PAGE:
In fur farms, from the raccoon dog farms of China to the rabbit farms in Himachal Pradesh, and in the wild, on the ice floes of Canada where every year hundreds of baby seals are beaten to death and in the north European tundra where a fur bearing animal like a sable or fox could lie trapped in snares in the snow for days till the trapper returns and puts it out of its misery (many gnaw their own paws off and escape but then die of their wounds), everywhere, the animals are killed slowly and painfully because the pelts need to be blemish-free and the relatively more humane (if there could be such a word in this context) methods you could imagine are all likely to damage the pelt and drastically reduce the price that it would fetch. Designer labels, from Armani and Gautier to Dior and Cavalli, they all use fur, some even after having sworn they ‘won’t ever again’. You and I, we walk into those stores, run our fingers along the soft warmth of the trim, admire the elegance of the apparel and if we can afford it, we pick it up and hope to bask in the green tinged light of admiration on an appropriate occasion, refusing to think of the animal that once hid its nose in that same fur to keep itself warm; refusing to think of the monstrous and unimaginably brutal process through which that hide was snatched from its rightful owner while it thrashed about in pain so that it could reach me and feed my vanity; refusing to see the blood that reddens my hand every time I run my fingers through its unbelievable softness.

And faux fur needn’t be any better. A lot of real fur emerging out of China is a lot cheaper than faux fur and is often used on trimmings mixed with faux fur. A number of stores that claimed, and apparently believed, they were selling faux fur, were in fact selling raccoon dog fur. It was so cheap that even consumers couldn’t believe they had picked up real fur. (‘Real faux fur’ will always have a fabric base, while ‘fake faux’ will have a skin base)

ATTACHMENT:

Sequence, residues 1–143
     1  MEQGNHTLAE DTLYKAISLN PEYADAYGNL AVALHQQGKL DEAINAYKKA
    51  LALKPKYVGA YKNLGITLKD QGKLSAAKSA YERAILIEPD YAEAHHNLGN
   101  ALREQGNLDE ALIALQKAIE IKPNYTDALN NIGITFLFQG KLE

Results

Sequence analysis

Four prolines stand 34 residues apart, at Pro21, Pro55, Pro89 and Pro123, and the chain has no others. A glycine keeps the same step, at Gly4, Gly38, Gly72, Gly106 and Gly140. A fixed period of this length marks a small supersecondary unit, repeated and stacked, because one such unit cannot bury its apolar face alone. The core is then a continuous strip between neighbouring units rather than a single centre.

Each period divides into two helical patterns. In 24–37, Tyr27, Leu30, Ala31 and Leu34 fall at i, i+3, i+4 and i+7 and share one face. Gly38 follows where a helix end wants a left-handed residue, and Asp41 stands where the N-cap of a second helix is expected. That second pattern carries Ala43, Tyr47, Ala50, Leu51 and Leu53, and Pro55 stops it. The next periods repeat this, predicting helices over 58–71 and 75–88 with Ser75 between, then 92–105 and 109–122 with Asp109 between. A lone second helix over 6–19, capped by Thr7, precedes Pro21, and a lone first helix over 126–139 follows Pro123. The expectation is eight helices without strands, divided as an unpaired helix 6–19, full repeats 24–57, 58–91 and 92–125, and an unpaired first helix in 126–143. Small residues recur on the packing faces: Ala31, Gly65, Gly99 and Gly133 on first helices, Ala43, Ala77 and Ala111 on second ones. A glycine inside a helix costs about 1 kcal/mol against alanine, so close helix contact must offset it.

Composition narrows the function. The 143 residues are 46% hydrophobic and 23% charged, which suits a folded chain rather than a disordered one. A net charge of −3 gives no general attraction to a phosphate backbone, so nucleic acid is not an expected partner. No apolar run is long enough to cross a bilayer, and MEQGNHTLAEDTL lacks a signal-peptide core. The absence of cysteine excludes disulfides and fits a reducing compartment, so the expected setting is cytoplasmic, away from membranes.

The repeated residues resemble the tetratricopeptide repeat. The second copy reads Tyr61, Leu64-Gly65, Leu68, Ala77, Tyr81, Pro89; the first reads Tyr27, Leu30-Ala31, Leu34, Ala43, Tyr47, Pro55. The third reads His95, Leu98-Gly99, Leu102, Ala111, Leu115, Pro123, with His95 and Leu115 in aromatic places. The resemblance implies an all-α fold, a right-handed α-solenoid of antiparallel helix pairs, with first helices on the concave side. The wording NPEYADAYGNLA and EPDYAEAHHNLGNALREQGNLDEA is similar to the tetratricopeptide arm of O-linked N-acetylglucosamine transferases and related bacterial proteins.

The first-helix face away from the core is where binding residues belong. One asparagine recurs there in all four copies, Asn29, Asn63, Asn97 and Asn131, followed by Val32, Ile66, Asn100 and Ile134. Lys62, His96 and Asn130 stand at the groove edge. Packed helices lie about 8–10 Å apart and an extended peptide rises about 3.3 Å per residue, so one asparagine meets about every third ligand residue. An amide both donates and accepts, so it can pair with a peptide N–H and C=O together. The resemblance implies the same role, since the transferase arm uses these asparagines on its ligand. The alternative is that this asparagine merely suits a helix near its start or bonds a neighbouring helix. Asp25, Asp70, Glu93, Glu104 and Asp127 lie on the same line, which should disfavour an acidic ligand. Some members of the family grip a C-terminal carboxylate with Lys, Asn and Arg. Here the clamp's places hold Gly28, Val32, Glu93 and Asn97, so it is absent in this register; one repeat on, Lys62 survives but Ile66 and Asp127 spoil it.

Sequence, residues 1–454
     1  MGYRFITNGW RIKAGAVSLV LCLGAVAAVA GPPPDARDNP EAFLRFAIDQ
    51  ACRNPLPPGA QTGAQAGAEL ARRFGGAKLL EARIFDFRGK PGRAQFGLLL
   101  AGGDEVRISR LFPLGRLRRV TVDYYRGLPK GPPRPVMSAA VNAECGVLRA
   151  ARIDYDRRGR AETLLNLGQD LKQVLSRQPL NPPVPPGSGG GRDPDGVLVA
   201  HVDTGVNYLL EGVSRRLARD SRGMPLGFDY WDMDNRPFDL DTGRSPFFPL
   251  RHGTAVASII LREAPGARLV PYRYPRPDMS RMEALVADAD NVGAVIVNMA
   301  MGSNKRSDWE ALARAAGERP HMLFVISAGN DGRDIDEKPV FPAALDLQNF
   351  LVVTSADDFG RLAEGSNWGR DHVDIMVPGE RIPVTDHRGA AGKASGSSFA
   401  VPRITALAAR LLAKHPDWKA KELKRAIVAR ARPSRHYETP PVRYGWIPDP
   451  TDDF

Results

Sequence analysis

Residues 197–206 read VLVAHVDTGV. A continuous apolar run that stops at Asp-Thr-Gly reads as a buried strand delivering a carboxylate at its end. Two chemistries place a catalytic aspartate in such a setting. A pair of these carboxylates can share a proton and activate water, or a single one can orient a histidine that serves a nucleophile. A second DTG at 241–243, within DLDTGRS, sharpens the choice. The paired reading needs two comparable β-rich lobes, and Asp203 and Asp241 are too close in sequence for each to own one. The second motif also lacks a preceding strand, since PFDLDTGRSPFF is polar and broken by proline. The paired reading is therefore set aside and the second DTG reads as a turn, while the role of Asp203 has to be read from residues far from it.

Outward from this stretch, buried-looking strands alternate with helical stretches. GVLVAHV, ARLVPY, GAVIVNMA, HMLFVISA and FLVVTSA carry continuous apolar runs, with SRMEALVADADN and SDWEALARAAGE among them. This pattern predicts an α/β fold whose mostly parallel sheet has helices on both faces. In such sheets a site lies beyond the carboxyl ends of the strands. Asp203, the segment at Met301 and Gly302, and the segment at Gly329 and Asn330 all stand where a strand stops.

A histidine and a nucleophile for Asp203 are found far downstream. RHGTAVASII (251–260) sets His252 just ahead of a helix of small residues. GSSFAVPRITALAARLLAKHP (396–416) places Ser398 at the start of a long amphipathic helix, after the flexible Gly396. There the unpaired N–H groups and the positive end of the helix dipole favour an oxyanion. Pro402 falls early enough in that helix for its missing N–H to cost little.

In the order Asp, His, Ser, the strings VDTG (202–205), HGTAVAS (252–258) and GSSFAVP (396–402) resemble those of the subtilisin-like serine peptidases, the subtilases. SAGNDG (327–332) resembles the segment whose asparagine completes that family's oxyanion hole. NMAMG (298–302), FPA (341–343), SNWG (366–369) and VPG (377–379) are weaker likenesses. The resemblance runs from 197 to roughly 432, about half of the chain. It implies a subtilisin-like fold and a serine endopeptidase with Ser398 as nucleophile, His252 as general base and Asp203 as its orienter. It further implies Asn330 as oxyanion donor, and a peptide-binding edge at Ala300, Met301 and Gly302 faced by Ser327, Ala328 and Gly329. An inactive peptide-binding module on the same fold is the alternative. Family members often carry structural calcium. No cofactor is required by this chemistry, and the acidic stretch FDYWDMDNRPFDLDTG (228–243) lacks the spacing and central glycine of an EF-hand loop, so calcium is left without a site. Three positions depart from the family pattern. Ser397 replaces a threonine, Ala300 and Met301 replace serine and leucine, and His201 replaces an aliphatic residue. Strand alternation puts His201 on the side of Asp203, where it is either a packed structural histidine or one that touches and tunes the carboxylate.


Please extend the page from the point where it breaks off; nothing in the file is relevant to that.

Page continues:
Karl Langerfeld, head designer for Chanel, insists that fur is fair because it is an industry that supports so many today and it is a case of a fair battle between man and beast and one’s got to win. What do I say to such naiveté? See the video about ‘fur farms’ on and you’ll know for yourself. As for this savagery supporting an industry, well so did slavery but a President and a nation went to war for it. Knowingly or unknowingly, many amongst us would have supported this cruel trade in the past but there is no excuse now. You can’t say “I don’t want to see that gruesome video” and pretend you don’t know any better and keep buying fur because the truth is, you do… but if you still think you’ll look good only if you hang a bleeding carcass around your neck, well then maybe you really need it more than the poor animal did…

This winter, what we buy, or don’t buy, will go a small way towards strengthening or weakening an industry that posterity is bound to be ashamed of… And on such a day, how would history look back at us?


Thursday, November 12, 2009


7th November 2009: 0930 hrs: a Saturday. The alarm rings…

An arm, heavy with slumber, drops on the phone and shuts out the noise. An irritating little voice in my head screams out ‘darn, I’m late…! again…!!’ I roll over, trying to block out that voice but it was too loud… I opened my eyes and looked up at the ceiling… ‘why, oh why, can’t I sleep some more?’ I had been keeping crazy hours, staying awake till dawn chasing deadlines and doing some research over the last three-four days and had slept at about five-thirty in the morning. My body craved for a few more hours of shuteye but duty called… I had this seminar to attend. Now, most seminars, you’ll admit, on the best of days, are rather effective tranquilisers. You could struggle like a headless chicken to stay awake, but like death creeping up on the chicken, sleep will creep up on you, and before you know it, your head would be lolling in tune with the drone from the speakers… until of course your neighbour, by now also in the arms of Morpheus, nuzzles into your shoulder, tickles you with his moustache, dribbles into your ear and lets out a loud snort while snoring… So you wake up with a start, shrug him off, open your eyes wide, pinch yourself and the battle starts all over again.

So, while driving to the venue, I kept thinking up techniques I could use to keep myself awake before the sandman struck. I could pinch my eyelids, I could bite my lips till I bled and I could dream up a few ‘attractive’ possibilities to keep myself engaged… I really didn’t want to embarrass myself at the event, so with an action plan in place, I walked into the hall.